We all put our lives on the line for our children. If not through actual bodily harm inflicted at the hands of the children themselves, then from some other child-related cause, like driving to work after your seventh consecutive night of sleeping a total of only two and a half hours, but in fifteen minute, non-consecutive stints. Why do we do it? Well maybe because at the end of the day, it's all worth it. Or maybe just because parenting sucks, but we're totally addicted. Children are basically an abusive boyfriend who sidles up next to you on the couch during House and kisses you on the cheek and tells you he promises he won't break your nose again if you only just buy him those clip-on earrings because it makes him feel so grown up and you're the best mom in the whole wide world. And we fall for it... every time.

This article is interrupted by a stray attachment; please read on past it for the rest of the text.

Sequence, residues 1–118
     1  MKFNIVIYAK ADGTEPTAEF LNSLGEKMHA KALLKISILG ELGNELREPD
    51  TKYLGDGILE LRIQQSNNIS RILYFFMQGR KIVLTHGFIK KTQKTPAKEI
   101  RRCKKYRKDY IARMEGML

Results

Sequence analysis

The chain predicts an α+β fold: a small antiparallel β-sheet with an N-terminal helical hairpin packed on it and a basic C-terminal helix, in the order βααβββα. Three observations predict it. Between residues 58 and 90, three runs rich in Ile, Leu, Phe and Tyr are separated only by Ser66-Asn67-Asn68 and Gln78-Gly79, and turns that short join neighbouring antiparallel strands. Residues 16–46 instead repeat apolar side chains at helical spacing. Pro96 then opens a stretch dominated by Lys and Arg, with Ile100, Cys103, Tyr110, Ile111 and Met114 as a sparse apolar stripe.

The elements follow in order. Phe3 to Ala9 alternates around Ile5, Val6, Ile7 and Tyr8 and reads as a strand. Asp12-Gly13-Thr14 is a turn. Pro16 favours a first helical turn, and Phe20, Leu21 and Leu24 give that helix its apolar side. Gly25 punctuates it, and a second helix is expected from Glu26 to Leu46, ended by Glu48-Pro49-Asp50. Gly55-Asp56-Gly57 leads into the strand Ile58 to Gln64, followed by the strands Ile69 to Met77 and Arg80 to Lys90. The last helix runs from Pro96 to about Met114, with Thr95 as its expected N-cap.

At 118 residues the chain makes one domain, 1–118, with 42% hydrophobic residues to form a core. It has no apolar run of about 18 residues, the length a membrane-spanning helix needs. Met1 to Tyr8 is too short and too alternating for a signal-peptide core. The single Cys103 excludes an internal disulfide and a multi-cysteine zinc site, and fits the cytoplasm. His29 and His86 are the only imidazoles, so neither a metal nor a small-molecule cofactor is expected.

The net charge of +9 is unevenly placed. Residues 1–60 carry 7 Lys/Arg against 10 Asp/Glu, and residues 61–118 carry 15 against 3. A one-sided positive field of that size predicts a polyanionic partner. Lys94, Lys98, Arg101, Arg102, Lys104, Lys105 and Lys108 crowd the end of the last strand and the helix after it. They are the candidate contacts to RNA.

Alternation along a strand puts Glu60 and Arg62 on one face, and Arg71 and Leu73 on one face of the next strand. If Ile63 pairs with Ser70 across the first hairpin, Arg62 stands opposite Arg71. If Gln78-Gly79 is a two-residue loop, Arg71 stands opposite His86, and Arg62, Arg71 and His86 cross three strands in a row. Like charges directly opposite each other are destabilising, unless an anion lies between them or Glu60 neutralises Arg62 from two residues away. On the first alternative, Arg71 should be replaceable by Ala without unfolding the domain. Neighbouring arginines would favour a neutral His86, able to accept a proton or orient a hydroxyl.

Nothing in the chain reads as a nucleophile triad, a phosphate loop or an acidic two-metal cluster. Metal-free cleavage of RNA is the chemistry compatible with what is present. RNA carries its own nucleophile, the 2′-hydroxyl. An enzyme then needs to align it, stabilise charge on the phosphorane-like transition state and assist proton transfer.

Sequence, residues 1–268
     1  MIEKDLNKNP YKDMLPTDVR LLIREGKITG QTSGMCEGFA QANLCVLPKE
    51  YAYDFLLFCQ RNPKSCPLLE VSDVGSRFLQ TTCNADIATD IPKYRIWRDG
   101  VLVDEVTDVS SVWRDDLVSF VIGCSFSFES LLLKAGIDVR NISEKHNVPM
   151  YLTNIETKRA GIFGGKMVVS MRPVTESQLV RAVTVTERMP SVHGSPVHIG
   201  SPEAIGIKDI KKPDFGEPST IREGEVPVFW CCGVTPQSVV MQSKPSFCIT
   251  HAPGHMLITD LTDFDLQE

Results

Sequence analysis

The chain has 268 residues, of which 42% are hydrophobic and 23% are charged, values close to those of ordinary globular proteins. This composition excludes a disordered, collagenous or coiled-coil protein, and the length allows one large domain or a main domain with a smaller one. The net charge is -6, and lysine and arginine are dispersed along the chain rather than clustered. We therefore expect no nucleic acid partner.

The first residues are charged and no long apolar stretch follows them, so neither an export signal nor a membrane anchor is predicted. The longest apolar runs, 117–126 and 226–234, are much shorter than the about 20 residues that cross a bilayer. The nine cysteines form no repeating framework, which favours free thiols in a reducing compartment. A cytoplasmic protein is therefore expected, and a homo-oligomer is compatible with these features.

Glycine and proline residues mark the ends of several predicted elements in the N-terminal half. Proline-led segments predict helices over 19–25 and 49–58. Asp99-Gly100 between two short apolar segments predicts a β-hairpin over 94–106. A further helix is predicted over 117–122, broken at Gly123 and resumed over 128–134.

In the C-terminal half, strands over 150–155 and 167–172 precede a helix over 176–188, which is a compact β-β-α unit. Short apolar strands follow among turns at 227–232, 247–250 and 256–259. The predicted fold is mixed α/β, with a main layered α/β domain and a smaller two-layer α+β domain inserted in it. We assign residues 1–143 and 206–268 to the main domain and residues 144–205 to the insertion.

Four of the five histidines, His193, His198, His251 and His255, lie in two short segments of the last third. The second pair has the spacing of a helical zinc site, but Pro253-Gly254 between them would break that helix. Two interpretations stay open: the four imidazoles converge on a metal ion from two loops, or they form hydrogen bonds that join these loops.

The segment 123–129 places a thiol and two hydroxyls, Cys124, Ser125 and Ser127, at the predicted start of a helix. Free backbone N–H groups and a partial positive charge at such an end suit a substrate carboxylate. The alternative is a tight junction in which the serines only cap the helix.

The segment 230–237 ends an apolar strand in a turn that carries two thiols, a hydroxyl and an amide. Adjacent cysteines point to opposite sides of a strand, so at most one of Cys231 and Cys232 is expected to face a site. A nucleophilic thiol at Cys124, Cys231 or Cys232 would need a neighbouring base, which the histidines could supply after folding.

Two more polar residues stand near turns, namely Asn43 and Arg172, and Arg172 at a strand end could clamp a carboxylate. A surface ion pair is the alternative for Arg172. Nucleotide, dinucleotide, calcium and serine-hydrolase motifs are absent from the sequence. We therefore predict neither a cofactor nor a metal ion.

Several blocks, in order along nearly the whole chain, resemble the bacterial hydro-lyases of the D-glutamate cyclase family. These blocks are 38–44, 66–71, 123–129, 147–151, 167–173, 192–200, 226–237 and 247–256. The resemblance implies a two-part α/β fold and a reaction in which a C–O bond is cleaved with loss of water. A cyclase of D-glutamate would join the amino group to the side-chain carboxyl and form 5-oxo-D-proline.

From the outside, parenting doesn't look like a life-threatening job. I know there are people way braver than I am in the world. There are people - soldiers, police officers, auto mechanics - out there who go into work every day thinking "today is a good day to die." But I'll wager that none of them thinks that their death will be at the hands of a three year old who would gleefully kill you over a cookie.

*prize of my undying respect to the first person who can name all the movies these stills come from